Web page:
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This article first appeared in Aerospace Daily & Defense Report.
The U.S. Army is finding that the cost of aviation accidents can really add up, having incurred about $4.08 billion in accident costs as a result of 387,000 accidents since the early 1970s, according to an Aerospace Daily analysis of Army-provided service aviation data.
To put that in perspective, that's more money than the Army budgeted to buy or rebuild 22 CH-47 Chinooks in fiscal years 2008-09 and to procure 63 UH-60 Black Hawks in the coming fiscal year.
Those accident-cost figures are not adjusted for inflation, so the cost in current-year dollars would actually be much higher.
The analysis shows, in general, that the overall cost of aviation accidents has increased in later years as the service started to deploy more complex and expensive airframes and equipment.
The Army and other services have been focusing more on safety to cut down on aviation accidents, especially its most serious, or Class A, incidents. Class B and C accidents are less costly.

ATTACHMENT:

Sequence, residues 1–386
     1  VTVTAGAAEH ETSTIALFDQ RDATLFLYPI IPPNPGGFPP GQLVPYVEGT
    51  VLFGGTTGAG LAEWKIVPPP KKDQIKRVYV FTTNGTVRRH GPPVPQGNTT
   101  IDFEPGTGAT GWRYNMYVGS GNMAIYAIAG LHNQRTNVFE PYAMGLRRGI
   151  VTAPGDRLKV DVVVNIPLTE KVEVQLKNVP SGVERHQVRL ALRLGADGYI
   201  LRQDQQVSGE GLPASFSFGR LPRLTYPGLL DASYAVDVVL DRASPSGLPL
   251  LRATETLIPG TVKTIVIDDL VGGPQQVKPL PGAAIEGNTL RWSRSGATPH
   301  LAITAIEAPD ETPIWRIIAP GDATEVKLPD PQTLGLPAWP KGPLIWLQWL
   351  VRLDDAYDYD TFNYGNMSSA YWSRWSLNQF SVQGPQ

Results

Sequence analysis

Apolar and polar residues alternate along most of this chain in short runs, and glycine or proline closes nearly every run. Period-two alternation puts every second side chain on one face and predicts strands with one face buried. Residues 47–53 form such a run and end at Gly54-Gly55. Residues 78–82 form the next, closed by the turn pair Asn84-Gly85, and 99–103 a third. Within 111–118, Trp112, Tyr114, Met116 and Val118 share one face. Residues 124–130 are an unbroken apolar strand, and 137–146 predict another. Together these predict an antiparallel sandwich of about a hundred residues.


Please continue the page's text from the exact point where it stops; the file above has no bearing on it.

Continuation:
As of June 15, the Army reports a total of 126 Class A-C aviation accidents in fiscal year 2008 (See charts pp. 6-7). There are 65 flight accidents resulting in an overall rate of 8.62 accidents per 100,000 hours flown within the Army flying hour program. That's a 10 percent drop compared to the 3-year average of the same periods. There are currently 8 Class A aviation flight accidents for the fiscal year so far, resulting in a Class A rate of 1.061, which is 45.1 percent below the rate of 1.931 recorded at the same period last fiscal year.
Originally posted by solarstorm
Kinda funny aint it? I mean we laugh at this but who got the bigger laugh several years ago?
September 11, 2001 the United States of America had the most advanced defense system on the planet, yet a few guys with box cutters managed to bring down the towers.
Ya...the world laughed at us.